Social Media Put Us All in Our Own Truman Shows, Threatening Our Democracy (Guest Column)

Capitol Riots Inset Jeff Orlowski
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An image of the Jan. 6 Capitol riots and inset of 'The Social Dilemma' director Jeff Orlowski.

Big Social's business is keeping people hooked on their platforms, and their algorithms feed us content that provokes fear and outrage, writes Netflix's 'Social Dilemma' filmmaker.

On Jan. 6, rioters wielding bats and Confederate flags stormed the U.S. Capitol yelling, “The steal is real, the steal is real. They’re not operating by our f—ing laws. This is real. And theirs is fake.” People who saw themselves as warriors righting a rigged system called for “the people who stole this election from us … hanging from a rope out here for treason” and scrawled “murder the media” on one of the Capitol’s entrance doors. Later, our sitting president called them “very special” and some lawmakers said they were “patriots.”

How did we get here?

For the past four years, in the making of our documentary The Social Dilemma, my team and I have been studying how social media and search companies are impacting society. The tech insiders we interviewed revealed that social media has been distorting reality for more than a decade. Their business is keeping people hooked on their platforms, and their algorithms have learned that the best way to do that is by feeding us content that provokes fear and outrage. This doesn’t just change what we see and buy; it changes what we think, who we are and how we act.

In the 1998 movie The Truman Show, Jim Carrey plays the unwitting star of his own reality TV show. He lives in ignorance of the artificial universe — from the fake morning paper to the actress he “marries” — that has been fed to him in a literal bubble since he was born. He sees himself as a free agent but, in reality, his whole world is counterfeit and controlled.

The 3.6 billion of us on social media today are all Trumans. While we think these platforms are connecting us to the world, they’re actually separating us from reality. Each of us lives and learns inside a personalized filter bubble that changes — and radicalizes — how we function in society.

The consequences can be catastrophic: Fueled by viral false information, a 28-year-old volunteer firefighter and father holds a pizza restaurant at gunpoint to save imaginary children from being molested in an imaginary basement. Suburbanite Brits burn dozens of 5G towers because they’re falsely convinced the technology is spreading coronavirus. A Midwestern pharmacist attempts to destroy 550 doses of life-saving vaccine.

As we learned from the mastermind and puppeteer of Truman’s curated life, “we accept the reality of the world with which we are presented. It’s as simple as that.”

But we’ve seen and can no longer ignore the results of algorithm-induced extremism and polarization. The invasion of our nation’s Capitol was, as Rashad Robinson, president of Color of Change, put it, “the culmination of years of dangerous algorithms.” Stop Hate for Profit explained in a statement that “seeds of hate have already been sown through countless tweets and posts and streams that have burst forth into a violent real-world reality.”

This was not an unexpected event. It was the guaranteed outcome of social media. People were radicalized and incited by their leader on social media with false information of election fraud, planned a violent mob on social media, and then took their extremist ideas off of social media, enacting real-world harm. "[On Jan. 6] I saw what I have been expecting to see for the last several months, even several years," said Whitney Phillips, a researcher of misinformation at Syracuse University.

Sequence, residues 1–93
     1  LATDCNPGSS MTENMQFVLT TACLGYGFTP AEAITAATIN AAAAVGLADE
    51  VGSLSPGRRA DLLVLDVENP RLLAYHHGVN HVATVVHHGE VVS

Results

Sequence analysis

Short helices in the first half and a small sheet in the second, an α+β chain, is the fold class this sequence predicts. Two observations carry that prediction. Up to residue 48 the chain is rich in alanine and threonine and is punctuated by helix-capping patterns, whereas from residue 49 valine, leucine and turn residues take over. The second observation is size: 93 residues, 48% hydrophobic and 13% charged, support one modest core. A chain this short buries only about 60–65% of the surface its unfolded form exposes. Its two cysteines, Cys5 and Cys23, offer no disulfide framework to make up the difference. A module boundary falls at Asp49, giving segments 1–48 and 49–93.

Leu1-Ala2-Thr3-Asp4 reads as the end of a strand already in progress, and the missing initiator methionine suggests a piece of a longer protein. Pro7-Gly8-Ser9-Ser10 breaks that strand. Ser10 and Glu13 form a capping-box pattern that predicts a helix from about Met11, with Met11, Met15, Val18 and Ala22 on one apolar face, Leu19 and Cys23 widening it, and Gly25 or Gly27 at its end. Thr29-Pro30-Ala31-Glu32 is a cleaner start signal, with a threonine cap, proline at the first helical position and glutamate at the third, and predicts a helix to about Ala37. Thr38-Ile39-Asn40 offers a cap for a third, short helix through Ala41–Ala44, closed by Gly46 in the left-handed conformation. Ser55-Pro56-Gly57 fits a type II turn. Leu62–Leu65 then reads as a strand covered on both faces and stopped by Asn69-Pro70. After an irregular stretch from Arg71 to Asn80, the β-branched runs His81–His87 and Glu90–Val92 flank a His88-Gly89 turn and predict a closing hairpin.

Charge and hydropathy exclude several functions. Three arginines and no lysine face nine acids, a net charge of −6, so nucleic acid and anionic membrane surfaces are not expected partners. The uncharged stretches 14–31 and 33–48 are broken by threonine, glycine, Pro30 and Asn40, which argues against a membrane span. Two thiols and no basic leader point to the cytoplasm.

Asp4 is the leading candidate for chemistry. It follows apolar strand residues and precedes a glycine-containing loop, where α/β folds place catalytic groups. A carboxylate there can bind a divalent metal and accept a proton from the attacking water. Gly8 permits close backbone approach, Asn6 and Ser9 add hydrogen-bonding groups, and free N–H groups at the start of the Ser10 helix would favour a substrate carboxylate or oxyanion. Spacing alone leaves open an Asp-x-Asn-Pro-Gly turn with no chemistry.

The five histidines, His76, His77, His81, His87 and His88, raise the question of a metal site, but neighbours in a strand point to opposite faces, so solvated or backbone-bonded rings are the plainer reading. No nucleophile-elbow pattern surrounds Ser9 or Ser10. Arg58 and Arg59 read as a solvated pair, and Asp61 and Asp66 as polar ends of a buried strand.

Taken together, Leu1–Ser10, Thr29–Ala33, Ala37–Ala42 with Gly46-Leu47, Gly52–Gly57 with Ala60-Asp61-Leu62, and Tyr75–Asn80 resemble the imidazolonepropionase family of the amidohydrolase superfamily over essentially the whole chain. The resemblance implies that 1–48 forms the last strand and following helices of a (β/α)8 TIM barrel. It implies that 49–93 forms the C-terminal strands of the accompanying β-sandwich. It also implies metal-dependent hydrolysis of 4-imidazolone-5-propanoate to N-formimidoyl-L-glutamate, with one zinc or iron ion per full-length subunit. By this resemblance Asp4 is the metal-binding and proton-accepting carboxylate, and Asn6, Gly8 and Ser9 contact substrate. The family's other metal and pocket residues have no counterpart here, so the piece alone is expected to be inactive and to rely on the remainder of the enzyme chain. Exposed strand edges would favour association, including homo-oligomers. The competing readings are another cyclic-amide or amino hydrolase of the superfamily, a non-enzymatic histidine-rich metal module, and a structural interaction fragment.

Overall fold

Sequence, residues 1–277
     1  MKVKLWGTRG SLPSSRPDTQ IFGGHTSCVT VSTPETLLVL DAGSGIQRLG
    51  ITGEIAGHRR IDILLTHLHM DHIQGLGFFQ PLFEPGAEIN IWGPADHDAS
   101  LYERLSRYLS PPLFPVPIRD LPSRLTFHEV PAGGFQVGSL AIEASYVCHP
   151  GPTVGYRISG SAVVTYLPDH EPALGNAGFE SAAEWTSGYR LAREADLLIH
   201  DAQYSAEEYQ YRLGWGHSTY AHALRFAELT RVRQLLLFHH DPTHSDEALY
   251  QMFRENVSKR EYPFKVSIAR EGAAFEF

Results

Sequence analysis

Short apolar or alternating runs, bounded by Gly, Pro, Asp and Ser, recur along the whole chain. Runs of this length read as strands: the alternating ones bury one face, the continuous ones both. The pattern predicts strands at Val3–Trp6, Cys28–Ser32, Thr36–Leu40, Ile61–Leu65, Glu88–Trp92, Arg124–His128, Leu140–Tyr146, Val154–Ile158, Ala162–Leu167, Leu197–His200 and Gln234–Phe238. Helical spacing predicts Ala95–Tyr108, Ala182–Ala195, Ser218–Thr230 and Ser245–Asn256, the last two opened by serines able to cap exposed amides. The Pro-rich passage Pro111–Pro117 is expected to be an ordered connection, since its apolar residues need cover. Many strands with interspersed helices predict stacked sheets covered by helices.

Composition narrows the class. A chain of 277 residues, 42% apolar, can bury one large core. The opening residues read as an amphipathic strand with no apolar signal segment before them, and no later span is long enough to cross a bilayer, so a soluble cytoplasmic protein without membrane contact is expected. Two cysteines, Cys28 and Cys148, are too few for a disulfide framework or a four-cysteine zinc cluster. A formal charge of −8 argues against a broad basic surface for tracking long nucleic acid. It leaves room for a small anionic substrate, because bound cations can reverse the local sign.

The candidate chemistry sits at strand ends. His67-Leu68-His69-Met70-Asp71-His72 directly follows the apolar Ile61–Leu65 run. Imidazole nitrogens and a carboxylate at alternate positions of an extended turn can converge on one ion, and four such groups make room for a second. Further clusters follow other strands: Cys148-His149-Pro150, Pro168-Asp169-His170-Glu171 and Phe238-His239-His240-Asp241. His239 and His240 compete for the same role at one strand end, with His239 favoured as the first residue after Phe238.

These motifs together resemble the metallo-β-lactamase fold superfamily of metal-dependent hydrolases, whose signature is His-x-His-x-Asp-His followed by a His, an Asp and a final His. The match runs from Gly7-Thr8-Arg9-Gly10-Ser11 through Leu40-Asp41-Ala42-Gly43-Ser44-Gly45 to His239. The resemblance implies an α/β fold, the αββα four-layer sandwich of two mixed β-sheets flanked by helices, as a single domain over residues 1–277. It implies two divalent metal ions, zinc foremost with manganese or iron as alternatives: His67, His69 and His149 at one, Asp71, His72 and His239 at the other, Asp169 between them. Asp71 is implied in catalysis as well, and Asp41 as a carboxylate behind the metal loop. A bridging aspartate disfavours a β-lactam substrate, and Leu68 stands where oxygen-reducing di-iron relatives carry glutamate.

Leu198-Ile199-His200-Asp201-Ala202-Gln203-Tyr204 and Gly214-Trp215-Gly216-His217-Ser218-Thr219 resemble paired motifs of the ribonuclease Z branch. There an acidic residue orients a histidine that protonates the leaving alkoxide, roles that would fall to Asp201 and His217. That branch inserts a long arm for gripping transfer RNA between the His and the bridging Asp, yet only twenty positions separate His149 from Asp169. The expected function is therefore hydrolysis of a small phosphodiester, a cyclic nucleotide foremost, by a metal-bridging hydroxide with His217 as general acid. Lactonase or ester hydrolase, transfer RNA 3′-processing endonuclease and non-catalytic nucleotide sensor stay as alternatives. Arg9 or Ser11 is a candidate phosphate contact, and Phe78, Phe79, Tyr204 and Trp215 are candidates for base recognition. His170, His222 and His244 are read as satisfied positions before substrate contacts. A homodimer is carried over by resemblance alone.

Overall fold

And social media companies cannot plead ignorance. An internal Facebook report leaked last summer acknowledges that their algorithms “exploit the human brain’s attraction to divisiveness.” Facebook’s research found that 64 percent of all users who join an extremist group on the platform do so because of their own recommendation tools. The report concedes, “our recommendation systems grow the problem.”

“It's as though we have less and less control over who we are and what we really believe,” says Justin Rosenstein, co-inventor of the Facebook "like" button, in The Social Dilemma.

The experts and tech insiders we interviewed in the film warned us about the dire consequences of letting Big Social play God. When Facebook’s former director of monetization, Tim Kendall, was asked in our film what he was most worried about, he replied, “civil war.” At the time that seemed alarmist, but today it feels prescient. The events at the Capitol weren’t just the terrifying closing of the Trump era; they were a symptom of a social fabric shredded by social media. And, while banning Trump from Twitter and Facebook for inciting violence was long overdue, it’s hardly the solution. The problem is in the code, and that’s not going away with Trump.

At the end of The Truman Show, the protagonist faces a choice. He can accept the easy, false reality with which he’s been presented, or courageously choose the truth. We, too, are faced with this dilemma. We can continue to exist in a deluded, distorted, increasingly extreme and polarizing universe, or we can mindfully demand something better.

Our social media puppeteers also have a choice. Will they complacently watch their creation destroy democracies, or will they take responsibility for fixing the hate-filled mess they’ve made?